Review: Guitar wizards bolster blues element of Bristol International Jazz and Blues Festival ’19

Kirk Fletcher – Saturday 23rd March, 3:30-5pm at Anson Rooms


“The thing about festivals like this is that they attract some of the best in the world”. This statement – uttered in introduction to Kirk Fletcher’s Saturday afternoon performance on day two of this year’s Bristol International Jazz & Blues Festival – proves an apposite one. Over consecutive afternoons, audiences were treated to a contemporary blues’ masterclass as the Anson Rooms played weekend host to both Fletcher and fellow U.S guitar maestro Josh Smith.

Adorned in a bright, flowery shirt and immediately exuding a genial charm, Fletcher doesn’t exactly appear as the archetypical exponent of a genre originally born of adversity and hard times. It’s a genre within which Fletcher vacillates between a more modern blues rock sound and a harkening back to its more studied origins. ‘You Need Me’ is an early encounter with Fletcher’s soul-filled vocals around which he blends sparse muted notes with choppy rhythms and his rapid but tasteful soloing skills.

Fletcher’s virtuosity can be admired atop the backbone of the considerable talents displayed by two bandmates on drums (Matt Brown) and Hammond organ (Jonny Henderson). ‘Gotta Right’ is the first example of the latter instrument’s pleasingly psychedelic warble when amplified through a Leslie speaker and Brown’s drumming is at its most scintillating in the build up to a Fletcher solo spot during the fiery attack blues of ‘Two Steps Forward.’ Fletcher later thanks Bristol and the festival organisers for first bringing the triumvirate together for the event back in 2016.

As with any expert guitarist, Fletcher is a joy to watch. He’s constantly busy with his volume and tone knobs and oscillates between pickup settings. He occasionally executes a leg kick on high register note bends, sometimes swoops on bended knee and often faces his head skyward in swaying concentration during his more frenetic guitar work. Fletcher, however, cuts a magnanimous figure in relation to his bandmates; after a particularly tasty late set organ solo, he can be seen mouthing the words “you the man” and he subsequently makes an enthusiastic arm pump in celebration of Brown’s octopoid drum solo.

Elsewhere, one brave lady throws social embarrassment to the wind and takes leave of her chair to gyrate with abandon during the latter parts of the set. Somehow Fletcher manages to maintain his humble disposition when he informs us that he is proud to say that the trio have been nominated for four blues music awards; the brilliantly aching tone and rapid virtuosity of penultimate track ‘The Answer’ suggests that Fletcher – along with his bandmates – is worthy of every accolade that may come their way.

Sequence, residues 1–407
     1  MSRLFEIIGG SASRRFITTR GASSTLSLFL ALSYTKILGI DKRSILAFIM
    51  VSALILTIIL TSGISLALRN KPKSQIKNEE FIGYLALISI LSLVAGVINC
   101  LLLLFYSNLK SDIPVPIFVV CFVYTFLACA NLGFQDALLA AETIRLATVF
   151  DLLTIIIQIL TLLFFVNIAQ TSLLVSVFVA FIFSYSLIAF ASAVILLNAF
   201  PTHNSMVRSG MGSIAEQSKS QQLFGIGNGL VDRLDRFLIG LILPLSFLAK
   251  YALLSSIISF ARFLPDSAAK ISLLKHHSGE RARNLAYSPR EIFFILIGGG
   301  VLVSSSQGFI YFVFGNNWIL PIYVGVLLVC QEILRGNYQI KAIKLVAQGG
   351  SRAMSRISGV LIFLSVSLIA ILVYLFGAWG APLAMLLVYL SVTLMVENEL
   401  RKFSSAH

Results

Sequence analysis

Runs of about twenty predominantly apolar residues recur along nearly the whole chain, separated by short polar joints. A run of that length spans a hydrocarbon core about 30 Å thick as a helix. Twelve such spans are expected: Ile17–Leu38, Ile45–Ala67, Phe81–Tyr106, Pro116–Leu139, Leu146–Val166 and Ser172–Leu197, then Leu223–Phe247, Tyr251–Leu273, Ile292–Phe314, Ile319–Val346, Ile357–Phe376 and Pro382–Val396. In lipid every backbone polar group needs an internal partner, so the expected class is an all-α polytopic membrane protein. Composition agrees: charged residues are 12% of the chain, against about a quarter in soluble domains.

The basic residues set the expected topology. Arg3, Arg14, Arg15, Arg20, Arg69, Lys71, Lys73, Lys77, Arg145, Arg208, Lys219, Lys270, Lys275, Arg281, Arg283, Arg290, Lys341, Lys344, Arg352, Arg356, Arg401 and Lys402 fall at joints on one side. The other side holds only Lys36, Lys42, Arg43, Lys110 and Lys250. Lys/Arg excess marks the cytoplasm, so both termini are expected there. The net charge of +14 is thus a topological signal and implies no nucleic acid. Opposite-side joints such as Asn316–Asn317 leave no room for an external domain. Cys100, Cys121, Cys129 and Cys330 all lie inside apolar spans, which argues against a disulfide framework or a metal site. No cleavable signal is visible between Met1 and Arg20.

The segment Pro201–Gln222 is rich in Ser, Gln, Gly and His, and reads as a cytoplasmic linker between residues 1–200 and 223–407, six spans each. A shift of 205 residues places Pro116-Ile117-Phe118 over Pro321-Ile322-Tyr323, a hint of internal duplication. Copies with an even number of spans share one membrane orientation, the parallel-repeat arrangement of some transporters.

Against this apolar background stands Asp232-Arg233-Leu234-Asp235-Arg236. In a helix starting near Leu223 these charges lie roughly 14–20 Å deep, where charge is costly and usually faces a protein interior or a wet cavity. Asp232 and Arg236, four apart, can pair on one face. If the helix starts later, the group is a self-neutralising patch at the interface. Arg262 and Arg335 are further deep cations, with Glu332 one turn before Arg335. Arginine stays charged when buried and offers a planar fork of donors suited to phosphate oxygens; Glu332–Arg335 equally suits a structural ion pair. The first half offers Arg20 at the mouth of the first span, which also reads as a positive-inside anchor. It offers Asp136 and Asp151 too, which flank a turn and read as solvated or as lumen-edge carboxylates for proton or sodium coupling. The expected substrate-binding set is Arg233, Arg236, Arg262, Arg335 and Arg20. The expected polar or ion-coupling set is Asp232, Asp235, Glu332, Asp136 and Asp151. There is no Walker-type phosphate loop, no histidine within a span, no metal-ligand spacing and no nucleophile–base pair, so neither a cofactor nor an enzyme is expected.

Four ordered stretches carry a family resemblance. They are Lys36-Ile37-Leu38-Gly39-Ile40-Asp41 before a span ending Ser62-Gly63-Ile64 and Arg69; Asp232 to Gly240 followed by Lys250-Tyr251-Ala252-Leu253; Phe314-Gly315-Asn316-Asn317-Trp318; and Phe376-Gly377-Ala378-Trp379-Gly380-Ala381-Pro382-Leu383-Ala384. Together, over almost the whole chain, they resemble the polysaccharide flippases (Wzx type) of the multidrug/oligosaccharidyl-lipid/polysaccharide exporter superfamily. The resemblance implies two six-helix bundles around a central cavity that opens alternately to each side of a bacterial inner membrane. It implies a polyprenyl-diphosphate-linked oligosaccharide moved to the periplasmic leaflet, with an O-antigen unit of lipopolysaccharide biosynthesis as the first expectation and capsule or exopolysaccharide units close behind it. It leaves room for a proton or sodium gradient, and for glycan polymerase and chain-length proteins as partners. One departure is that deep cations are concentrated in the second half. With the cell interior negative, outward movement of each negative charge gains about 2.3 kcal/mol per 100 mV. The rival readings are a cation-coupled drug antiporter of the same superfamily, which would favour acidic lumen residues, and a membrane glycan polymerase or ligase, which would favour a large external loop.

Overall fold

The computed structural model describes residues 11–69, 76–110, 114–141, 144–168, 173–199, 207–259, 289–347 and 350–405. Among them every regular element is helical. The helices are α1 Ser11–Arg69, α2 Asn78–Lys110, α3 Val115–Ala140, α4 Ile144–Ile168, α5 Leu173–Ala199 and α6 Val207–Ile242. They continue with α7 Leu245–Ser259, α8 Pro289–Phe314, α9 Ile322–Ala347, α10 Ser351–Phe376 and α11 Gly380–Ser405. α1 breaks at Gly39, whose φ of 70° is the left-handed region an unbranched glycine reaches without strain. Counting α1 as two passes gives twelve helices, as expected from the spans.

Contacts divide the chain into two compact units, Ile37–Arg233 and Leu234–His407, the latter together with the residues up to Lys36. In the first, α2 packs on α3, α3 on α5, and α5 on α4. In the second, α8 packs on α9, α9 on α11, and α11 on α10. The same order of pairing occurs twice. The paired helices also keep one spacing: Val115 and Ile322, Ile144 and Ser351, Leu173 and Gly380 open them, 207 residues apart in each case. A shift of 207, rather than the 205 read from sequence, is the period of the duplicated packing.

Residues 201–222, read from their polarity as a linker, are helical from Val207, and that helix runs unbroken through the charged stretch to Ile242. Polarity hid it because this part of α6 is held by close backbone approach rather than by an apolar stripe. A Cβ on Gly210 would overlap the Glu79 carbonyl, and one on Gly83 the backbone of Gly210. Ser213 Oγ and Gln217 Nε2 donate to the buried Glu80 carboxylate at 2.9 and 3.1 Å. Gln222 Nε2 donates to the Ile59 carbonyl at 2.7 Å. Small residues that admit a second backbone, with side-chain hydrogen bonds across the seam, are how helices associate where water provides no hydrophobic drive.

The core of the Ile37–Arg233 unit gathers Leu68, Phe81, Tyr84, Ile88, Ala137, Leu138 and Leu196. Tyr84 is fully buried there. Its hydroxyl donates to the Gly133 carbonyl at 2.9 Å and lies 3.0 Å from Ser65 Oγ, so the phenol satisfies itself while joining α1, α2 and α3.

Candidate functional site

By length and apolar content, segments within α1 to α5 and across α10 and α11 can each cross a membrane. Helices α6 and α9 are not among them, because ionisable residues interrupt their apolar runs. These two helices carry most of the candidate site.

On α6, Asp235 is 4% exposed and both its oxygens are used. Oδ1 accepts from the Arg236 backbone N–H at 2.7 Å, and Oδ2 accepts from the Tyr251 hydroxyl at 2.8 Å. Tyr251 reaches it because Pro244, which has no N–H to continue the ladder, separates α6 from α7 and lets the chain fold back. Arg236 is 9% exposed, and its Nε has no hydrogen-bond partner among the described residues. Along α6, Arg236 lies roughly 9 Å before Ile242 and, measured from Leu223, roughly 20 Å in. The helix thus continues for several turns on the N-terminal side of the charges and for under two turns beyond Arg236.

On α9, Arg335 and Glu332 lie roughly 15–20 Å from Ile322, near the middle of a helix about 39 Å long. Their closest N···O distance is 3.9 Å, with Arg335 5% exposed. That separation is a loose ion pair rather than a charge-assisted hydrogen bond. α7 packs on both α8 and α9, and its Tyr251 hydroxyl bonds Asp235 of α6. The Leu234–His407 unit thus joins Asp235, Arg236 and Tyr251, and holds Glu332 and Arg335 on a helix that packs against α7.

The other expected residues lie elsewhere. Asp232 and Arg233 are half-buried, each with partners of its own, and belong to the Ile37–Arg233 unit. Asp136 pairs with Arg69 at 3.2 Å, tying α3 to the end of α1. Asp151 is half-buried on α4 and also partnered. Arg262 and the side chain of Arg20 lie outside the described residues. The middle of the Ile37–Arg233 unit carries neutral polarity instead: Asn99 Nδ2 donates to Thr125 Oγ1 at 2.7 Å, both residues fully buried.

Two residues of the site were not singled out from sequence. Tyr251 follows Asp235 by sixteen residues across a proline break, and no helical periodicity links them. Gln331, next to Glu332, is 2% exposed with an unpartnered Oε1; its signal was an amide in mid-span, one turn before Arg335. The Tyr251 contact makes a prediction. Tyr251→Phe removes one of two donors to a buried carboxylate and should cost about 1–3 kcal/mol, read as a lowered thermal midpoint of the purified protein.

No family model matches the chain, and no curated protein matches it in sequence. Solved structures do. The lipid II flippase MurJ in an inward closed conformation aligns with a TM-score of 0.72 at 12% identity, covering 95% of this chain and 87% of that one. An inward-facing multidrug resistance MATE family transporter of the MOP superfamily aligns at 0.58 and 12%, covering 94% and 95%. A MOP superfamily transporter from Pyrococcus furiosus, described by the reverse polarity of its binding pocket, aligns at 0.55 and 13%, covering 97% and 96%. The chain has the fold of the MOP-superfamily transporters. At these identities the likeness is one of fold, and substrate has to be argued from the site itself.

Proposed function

Josh Smith Trio – Sunday 24th March, 1-2:30pm at Anson Rooms


Previously described by Jimmy Thackery as being, even at the age of 14, “three heartbreaks away from being a true blues genius”, LA-based guitarist Josh Smith is introduced here as a mere “master of contemporary blues”. Launching straight in with some melodic soloing, Smith almost immediately justifies such exaltation; thus it’s all the more baffling when two post-middle aged ladies – who perhaps have just realised they’ve been sat at the wrong gig – take leave of their chairs during the opening licks.

Introduced as the first song from the new record, ‘Half Blues’ reveals Smith’s talent for simultaneous riffing and singing, and his left leg rocks back and forth as a metronome-like backing to his lightning guitar work. ‘What We Need’, Smith’s imagining of “Charlie Parker writing slow blues for Stevie Ray Vaughan”, is stacked with myriad techniques – beautiful slow breakdowns, descending glissandos and dextrously delicate then rapid solo work. It’s also a track during which one Kirk Fletcher can be seen wandering to a viewing spot near the back of the hall.

The funky ‘Letting You Go’ is a slight diversion and more “songy” than Smith’s blues rock template (Smith asks the audience to close their eyes and imagine the 14 horns that accompany the recorded version) while ‘When I Get Mine’ aptly demonstrates his variance of technique, including an amazing moment where multiple notes strikes and some interpersed embellishments with his pinky give of the impression of double tracked guitar parts. Smith, adorned in his trademark fedora and having already showcased his sparkling ability to shred, jokingly declares mid-set that “We’re gonna stop holding back and up the ante”.

Completing the trio, Smith is joined by musicians – as proficient as you’d expect someone like Smith to surround himself with – on bass and drums. During the instrumental ‘Penance’ (written for his wife), Smith is at his expressive best; his weeping licks and emotive tone capture a gorgeous aural lament of a presumed romantic misstep.

Elsewhere, blues rocker ‘First Hand Look at Down and Out’ – “in 7/8 time if you fancy dancing” – includes fizzing powerchords and an extended use of wah-wah and ‘Where’s My Baby?’ sees Smith take to fingerpicking and, after a neat melodic segway into ‘Mister Sandman’, ends with a call and response contribution from the audience. Whether or not the 39 year old Smith has by now achieved Thackery’s aforementioned hat-trick of heartbreaks, we indeed appear to have been in the presence of a true blues genius.

Scott Hammond